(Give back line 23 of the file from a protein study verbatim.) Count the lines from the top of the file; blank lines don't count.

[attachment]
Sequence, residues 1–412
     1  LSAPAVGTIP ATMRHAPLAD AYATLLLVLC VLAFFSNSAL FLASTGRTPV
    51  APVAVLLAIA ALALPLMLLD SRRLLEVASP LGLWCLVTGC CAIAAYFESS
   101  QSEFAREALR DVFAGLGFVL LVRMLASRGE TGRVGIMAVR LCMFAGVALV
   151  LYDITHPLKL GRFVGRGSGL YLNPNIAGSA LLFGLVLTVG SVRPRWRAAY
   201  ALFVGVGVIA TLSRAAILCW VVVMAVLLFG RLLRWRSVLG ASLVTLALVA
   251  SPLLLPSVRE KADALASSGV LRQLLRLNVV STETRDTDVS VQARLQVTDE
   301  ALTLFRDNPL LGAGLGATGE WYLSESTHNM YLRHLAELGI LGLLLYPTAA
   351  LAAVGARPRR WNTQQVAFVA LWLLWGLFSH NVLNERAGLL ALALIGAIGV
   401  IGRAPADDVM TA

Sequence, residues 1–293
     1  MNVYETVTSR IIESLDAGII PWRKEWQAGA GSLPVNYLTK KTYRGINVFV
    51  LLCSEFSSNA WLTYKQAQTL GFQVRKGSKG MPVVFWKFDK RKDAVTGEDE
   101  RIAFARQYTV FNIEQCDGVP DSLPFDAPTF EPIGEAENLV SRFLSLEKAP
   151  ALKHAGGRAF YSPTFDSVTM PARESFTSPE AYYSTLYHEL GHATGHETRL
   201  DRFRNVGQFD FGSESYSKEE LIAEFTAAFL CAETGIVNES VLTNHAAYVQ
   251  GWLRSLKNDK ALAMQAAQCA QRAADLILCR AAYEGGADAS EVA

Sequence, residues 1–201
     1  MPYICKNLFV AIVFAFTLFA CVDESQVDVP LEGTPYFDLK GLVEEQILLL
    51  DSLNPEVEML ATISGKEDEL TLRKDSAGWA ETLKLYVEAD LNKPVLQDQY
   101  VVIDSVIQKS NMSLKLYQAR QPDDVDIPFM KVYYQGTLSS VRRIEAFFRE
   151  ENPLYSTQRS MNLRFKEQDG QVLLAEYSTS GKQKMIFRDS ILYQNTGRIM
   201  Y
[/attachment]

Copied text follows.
   201  Y